Quick Review for Patients
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A smokeless tobacco etiology for oral cancer was first suggested by James Ewing, who noted that cancer in the mouths of tobacco chewers most often developed at the site of quid placement. Ewing's premise was reiterated in Western clinicopathologic reports published during the 1940s, with specific reference to verrucous carcinoma. The high relative frequency of oral cancer (all types) in India, moreover, had focused attention on the causative role of chewing tobacco as early as 1908, when it was determined that an amazing 71-92% of all carcinomas diagnosed in hospital outpatients arose from the oral mucosa.
Verrucous carcinoma, a low-grade variant of squamous cell carcinoma, is so closely aligned with the use of snuff and chewing tobacco that it has been called the "snuff dipper's cancer," even though it is not the most common form of carcinoma resulting from this habit, and even though it has been reported from numerous anatomic sites other than the oral mucosa (larynx, ear canal, vagina, penis, bladder, rectum, soles of feet, dentigerous cyst). It is, furthermore, now known that 16-51% of oral verrucous carcinomas are found in persons without tobacco habit. Obviously, other etiologic agents may be involved, with immunosuppression, human papillomavirus and other viruses being most recently implicated. Nevertheless, it cannot be denied that the most common site of occurrence for this cancer remains the oral mucosa and the majority of oral cases are found in persons who habitually chew tobacco or snuff.
The typical clinical presentation of oral verrucous carcinoma has long been known, as has its remarkably innocuous appearance and biological behavior when not associated with the devastating premalignancy, proliferative verrucous leukoplakia. Relative frequency rates for biopsy service cases are also known: this cancer represents 1-10% of all oral squamous cell carcinomas diagnosed by U.S. hospitals and dental schools.10 In India, approximately 7% of oral cancers are verrucous carcinomas.
The age-adjusted average annual incidence rate for oral verrucous carcinoma is 0.1-0.3/100,000 person-years (0.2-0.3 for males, 0.0-0.3 for females). Among males over 64 years of age the incidence rate for verrucous carcinoma increases to 3.2/100,000 person-years. Verrucous carcinoma is among the least common of the oral carcinomas, representing only 3% of the total.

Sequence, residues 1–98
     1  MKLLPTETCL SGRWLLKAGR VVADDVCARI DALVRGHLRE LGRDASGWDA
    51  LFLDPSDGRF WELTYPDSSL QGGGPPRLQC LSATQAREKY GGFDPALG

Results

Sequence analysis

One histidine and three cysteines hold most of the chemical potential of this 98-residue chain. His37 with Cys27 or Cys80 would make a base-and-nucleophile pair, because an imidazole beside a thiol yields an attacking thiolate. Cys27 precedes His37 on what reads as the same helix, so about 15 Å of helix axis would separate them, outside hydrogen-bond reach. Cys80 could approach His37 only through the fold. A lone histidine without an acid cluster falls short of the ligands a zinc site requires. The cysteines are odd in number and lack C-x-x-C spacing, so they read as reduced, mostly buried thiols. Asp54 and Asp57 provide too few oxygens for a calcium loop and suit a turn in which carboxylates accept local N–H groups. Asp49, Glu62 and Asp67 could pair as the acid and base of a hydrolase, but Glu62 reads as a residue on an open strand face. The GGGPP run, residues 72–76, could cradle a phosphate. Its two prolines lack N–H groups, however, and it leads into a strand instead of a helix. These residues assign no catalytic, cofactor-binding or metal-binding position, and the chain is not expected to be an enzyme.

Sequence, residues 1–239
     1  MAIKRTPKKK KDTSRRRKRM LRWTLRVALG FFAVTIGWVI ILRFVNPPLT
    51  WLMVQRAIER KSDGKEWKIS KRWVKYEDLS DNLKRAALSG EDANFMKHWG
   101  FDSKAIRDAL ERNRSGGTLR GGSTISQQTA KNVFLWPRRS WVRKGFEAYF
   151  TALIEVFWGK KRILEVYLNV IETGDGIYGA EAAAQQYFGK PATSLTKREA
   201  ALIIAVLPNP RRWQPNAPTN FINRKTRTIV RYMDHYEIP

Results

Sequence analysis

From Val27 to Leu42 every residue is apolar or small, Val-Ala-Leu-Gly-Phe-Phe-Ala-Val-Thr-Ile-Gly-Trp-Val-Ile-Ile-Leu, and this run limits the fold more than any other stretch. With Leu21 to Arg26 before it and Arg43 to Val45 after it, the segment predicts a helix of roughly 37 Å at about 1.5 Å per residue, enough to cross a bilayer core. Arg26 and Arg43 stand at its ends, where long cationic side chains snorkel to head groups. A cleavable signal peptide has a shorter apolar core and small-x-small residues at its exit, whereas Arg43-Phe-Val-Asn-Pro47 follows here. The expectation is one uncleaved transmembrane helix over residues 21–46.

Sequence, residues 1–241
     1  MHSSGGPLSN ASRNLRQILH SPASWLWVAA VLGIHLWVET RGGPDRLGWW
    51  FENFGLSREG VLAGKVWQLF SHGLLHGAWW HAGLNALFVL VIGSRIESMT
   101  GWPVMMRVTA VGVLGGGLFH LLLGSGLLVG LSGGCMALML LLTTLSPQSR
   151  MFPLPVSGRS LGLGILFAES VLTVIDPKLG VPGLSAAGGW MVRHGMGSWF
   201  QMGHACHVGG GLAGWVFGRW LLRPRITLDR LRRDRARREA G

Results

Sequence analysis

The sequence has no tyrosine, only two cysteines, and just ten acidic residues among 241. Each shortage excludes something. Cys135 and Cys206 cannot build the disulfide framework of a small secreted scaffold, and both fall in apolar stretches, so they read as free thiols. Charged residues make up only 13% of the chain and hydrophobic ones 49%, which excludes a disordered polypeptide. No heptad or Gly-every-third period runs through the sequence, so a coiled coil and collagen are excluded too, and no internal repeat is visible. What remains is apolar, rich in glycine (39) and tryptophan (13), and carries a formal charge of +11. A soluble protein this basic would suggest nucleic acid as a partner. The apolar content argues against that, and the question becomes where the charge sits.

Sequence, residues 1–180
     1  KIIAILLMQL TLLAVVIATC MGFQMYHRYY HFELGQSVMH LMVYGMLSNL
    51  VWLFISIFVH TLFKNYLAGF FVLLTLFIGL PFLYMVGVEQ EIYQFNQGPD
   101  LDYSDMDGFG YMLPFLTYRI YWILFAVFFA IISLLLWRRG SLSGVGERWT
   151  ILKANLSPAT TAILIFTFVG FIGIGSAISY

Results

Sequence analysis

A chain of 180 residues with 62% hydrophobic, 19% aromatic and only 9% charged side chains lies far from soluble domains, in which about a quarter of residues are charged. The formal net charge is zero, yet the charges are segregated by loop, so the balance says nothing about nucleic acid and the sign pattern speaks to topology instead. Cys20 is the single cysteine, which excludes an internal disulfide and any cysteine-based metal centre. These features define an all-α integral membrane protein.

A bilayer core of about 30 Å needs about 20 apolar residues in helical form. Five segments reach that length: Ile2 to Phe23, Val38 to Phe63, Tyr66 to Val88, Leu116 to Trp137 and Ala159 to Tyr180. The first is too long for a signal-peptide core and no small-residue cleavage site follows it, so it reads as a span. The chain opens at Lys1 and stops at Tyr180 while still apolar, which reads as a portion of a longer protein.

Pathology and Differential Diagnosis
Treatment and Prognosis
References (Chronologic Order)
Note: Click on underlined author's names for additional detail.
Neville BW, Damm DD, Allen CM, Bouquot JE. Oral and maxillofacial pathology. Philadelphia, W. B. Saunders; 1995.
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Odell EW, Morgan PR. Biopsy pathology of the oral tissues. London; Chapman & hall Medical, 1998.
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Table 1: Histopathologic types of upper aerodigestive tract (UAT) carcinomas diagnosed in Rochester, Minnesota residents, 1935-1984, ranked by frequency of intraoral lesions. Lesions of the major salivary glands and nasal/paranasal sinuses are excluded.
* no primary cases were found of malignant melanoma, spindle cell carcinoma, basaloid squamous carcinoma, or adenosquamous carcinoma
|# Cases/100,000 person-years *|
|Lip vermilion||8.2 (74)**||0.8 (9) **||4.1 (83)**|
|Intraoral mucosa||5.4 (38)||2.1 (23)||3.6 (61)|
|Verrucous carcinoma||0.2 (2)||0.0 (0)||0.1 (2)|
|Pharyngeal mucosa||5.2 (38)||2.0 (22)||3.4 (60)|
|Laryngeal mucosa||7.0 (49)||0.3 (3)||3.3 (52)|
|Nasal/Paranasal sinuses||0.7 (6)||0.6 (6)||0.7 (12)|
|Major salivary glands||1.1 (11)||1.3 (13)||1.3 (24)|
|All primary carcinomas||30.0 (216)||7.2 (76)||17.3 (292)|
* population base: 900,312 person-years for males, 1,102,916 person-years for
** numbers in parentheses represent actual number of cases, not incidence rates; carcinomas in situ and metastases
to the upper aerodigestive tract are excluded from the above data